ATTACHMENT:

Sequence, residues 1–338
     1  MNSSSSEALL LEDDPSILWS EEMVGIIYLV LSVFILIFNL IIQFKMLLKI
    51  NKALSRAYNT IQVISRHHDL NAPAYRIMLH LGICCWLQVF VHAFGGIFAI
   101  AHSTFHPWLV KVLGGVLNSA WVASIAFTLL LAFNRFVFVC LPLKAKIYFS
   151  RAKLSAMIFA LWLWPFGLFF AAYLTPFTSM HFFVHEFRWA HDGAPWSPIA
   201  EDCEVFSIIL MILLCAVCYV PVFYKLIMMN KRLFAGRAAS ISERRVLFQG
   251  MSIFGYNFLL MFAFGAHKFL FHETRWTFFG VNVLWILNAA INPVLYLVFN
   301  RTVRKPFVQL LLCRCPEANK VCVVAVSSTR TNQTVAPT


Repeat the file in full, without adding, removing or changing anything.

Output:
Sequence, residues 1–338
     1  MNSSSSEALL LEDDPSILWS EEMVGIIYLV LSVFILIFNL IIQFKMLLKI
    51  NKALSRAYNT IQVISRHHDL NAPAYRIMLH LGICCWLQVF VHAFGGIFAI
   101  AHSTFHPWLV KVLGGVLNSA WVASIAFTLL LAFNRFVFVC LPLKAKIYFS
   151  RAKLSAMIFA LWLWPFGLFF AAYLTPFTSM HFFVHEFRWA HDGAPWSPIA
   201  EDCEVFSIIL MILLCAVCYV PVFYKLIMMN KRLFAGRAAS ISERRVLFQG
   251  MSIFGYNFLL MFAFGAHKFL FHETRWTFFG VNVLWILNAA INPVLYLVFN
   301  RTVRKPFVQL LLCRCPEANK VCVVAVSSTR TNQTVAPT